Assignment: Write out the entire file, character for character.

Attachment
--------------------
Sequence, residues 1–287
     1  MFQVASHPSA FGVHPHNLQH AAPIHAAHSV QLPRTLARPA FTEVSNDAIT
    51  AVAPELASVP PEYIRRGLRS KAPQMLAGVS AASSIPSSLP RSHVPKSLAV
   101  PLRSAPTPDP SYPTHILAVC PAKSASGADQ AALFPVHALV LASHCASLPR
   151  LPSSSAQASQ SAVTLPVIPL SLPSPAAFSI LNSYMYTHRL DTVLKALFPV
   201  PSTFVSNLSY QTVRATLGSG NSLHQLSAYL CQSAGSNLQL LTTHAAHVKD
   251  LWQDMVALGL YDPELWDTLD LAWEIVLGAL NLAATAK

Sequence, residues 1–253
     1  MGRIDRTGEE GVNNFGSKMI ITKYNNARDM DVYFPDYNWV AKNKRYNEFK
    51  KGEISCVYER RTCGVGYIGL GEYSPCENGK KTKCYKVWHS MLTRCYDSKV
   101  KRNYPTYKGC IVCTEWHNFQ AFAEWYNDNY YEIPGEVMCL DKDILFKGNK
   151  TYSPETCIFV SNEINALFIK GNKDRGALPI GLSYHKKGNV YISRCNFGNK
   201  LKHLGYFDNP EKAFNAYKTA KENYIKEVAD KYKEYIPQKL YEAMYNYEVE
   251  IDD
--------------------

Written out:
Sequence, residues 1–287
     1  MFQVASHPSA FGVHPHNLQH AAPIHAAHSV QLPRTLARPA FTEVSNDAIT
    51  AVAPELASVP PEYIRRGLRS KAPQMLAGVS AASSIPSSLP RSHVPKSLAV
   101  PLRSAPTPDP SYPTHILAVC PAKSASGADQ AALFPVHALV LASHCASLPR
   151  LPSSSAQASQ SAVTLPVIPL SLPSPAAFSI LNSYMYTHRL DTVLKALFPV
   201  PSTFVSNLSY QTVRATLGSG NSLHQLSAYL CQSAGSNLQL LTTHAAHVKD
   251  LWQDMVALGL YDPELWDTLD LAWEIVLGAL NLAATAK

Sequence, residues 1–253
     1  MGRIDRTGEE GVNNFGSKMI ITKYNNARDM DVYFPDYNWV AKNKRYNEFK
    51  KGEISCVYER RTCGVGYIGL GEYSPCENGK KTKCYKVWHS MLTRCYDSKV
   101  KRNYPTYKGC IVCTEWHNFQ AFAEWYNDNY YEIPGEVMCL DKDILFKGNK
   151  TYSPETCIFV SNEINALFIK GNKDRGALPI GLSYHKKGNV YISRCNFGNK
   201  LKHLGYFDNP EKAFNAYKTA KENYIKEVAD KYKEYIPQKL YEAMYNYEVE
   251  IDD